What do you expect when first arriving to an unknown city? Arriving to Granada, I was pleasantly surprised. A one-day stay quickly turned into five: a combination of couchsurfing, hostel and camping above the city.
At first I wasn’t impressed with Granada, cycling in on the main roads it looked like just another drab city. But I was reminded that first impressions can be deceiving, and after a while I found myself in the old Arab town, the Albayzín, where street musicians, artists, Arabic shops, tea houses and restaurants can be found aplenty. Cute white-washed buildings and winding streets reminded me of the old town in Zagreb, but more secretive and harder to navigate. Food is cheap, and the free tapas continue (importantly).
Everything became much more intriguing when I joined the free tour with the hostel, which was a little unorthodox. We began walking around the old town before ascending the hill to the church of San Miguel overlooking the city. All this was pretty standard until we got near the top, when things got interesting. There are several caves up here, much like the surrounding areas of Granada. Built into the rocks and many with electricity, gardens and vegetable patches, we met some Senegalese men who actually live here.
I believe most are just squatting, but what else to do with a derelict building (*cough* cave)? Apart from just looking totally badass in army-camo / semi-hippie gear, the guys offered us typical Senegalese coffee and showed us inside their houses. Many contain all the mod-cons like sofas, TVs and bedrooms. Outside were some plants, a barbecue and some puppies came up to play with us. And nobody can deny these guys have the best view of the city.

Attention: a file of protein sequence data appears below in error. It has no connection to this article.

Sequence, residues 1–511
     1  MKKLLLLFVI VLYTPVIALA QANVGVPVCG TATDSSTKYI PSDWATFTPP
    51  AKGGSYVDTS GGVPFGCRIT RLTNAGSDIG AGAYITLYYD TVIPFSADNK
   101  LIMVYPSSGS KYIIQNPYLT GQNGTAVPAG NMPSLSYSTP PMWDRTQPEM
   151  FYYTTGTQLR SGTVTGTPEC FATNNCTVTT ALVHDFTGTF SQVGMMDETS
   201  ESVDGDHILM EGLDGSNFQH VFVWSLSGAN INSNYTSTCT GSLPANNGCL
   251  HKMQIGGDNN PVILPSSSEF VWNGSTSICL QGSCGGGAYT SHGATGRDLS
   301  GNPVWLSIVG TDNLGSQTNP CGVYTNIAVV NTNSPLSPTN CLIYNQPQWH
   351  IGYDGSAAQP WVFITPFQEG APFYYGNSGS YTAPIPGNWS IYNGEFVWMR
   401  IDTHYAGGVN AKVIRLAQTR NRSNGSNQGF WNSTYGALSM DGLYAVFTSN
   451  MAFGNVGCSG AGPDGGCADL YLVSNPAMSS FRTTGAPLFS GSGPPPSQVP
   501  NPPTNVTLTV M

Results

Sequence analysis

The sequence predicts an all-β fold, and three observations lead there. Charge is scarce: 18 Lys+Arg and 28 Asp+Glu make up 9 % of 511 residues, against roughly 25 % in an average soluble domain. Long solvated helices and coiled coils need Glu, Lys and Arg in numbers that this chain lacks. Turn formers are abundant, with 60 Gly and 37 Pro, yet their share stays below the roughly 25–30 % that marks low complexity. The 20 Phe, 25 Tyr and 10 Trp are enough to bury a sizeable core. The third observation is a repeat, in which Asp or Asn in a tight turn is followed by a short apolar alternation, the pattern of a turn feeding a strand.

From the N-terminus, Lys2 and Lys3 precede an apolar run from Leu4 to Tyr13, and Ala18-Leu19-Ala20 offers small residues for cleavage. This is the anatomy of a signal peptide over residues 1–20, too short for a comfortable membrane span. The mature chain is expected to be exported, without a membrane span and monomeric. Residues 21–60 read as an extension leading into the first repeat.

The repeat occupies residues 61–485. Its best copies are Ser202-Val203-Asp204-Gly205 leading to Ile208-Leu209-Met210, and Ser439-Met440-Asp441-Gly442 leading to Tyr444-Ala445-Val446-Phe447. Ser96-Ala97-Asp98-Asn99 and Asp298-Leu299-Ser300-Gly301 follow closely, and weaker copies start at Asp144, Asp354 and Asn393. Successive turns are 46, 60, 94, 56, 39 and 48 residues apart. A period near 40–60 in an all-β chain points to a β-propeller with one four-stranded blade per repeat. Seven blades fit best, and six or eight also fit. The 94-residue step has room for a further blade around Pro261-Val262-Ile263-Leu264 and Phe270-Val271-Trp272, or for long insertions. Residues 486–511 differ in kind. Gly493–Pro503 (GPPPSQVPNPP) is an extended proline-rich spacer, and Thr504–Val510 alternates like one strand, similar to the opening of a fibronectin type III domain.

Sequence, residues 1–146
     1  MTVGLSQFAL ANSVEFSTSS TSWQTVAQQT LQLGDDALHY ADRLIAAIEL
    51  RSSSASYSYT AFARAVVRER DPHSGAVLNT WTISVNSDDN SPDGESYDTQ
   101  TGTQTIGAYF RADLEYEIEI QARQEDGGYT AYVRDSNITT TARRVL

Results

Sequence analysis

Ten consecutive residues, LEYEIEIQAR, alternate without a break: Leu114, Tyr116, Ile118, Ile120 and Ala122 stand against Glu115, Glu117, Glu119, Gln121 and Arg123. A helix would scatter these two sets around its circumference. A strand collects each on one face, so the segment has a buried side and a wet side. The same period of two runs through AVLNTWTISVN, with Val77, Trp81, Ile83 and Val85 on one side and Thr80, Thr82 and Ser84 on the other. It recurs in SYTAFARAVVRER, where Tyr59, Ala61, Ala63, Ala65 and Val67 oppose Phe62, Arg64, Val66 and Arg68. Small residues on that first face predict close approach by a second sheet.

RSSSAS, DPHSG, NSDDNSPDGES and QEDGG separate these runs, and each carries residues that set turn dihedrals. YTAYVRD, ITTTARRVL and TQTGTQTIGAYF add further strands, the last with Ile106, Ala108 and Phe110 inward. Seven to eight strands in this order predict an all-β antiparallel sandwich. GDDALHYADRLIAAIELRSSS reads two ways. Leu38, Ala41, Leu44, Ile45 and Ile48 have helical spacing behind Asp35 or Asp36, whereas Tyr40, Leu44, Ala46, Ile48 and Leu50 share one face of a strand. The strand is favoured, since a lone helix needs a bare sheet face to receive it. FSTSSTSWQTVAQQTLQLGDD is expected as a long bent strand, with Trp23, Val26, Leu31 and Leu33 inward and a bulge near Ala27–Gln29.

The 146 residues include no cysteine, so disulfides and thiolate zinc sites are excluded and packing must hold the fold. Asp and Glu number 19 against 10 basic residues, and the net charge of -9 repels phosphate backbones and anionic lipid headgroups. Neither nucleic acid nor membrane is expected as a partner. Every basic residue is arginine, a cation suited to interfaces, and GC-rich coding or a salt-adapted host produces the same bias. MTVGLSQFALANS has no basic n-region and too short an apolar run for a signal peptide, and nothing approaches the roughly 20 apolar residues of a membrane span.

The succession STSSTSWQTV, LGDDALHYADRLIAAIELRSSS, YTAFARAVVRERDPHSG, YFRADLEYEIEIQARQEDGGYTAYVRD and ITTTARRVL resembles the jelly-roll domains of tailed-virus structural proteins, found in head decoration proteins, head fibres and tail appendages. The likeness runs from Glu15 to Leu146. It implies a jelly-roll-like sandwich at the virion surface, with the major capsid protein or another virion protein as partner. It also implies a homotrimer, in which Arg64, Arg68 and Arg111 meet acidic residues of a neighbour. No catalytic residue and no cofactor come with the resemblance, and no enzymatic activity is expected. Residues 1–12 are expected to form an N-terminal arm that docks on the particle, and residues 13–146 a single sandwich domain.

It seems like they just sit here all day jamming, banging their handmade drums and enjoying the sunshine. The tour continued to the top where we caught the sunset behind the hills surrounding the city.
The following day, I visited the Alhambra, the famous palace overlooking the city, with some people from the hostel. It’s sort of like an Arabic Edinburgh Castle, encircled by a high wall and trees.
There are many free parts and some of the stonework is pretty impressive. How long would it take to carve all this by hand? And there are hundreds of walls like this one.
Many beers and tapas later, a few of us returned to the hills around the city to look for a place to camp. Many gypsies stay in their motor-homes behind the cave houses, as the police seldom move them on, and so our reasoning was, if we were camping for only one night, why would we get in trouble? We got a little lost, made a little fire and talked into the night before heading back to the hostel a little drunk, accidentally walking through a bunch of private property and jumping a wall.
We did camp the following day though. And it was a great night sitting by the fire, playing games and chatting, with one of the best views of the Alhambra.
Then it was off for some new adventures with some new friends on the other side of Sierra Nevada…but that’s a story for another day. Until then, do you think you could live in a cave house? And do you think the gypsies should be allowed to stay for free (especially with that view)? Let me know what you think in the comments. Catch ye efter.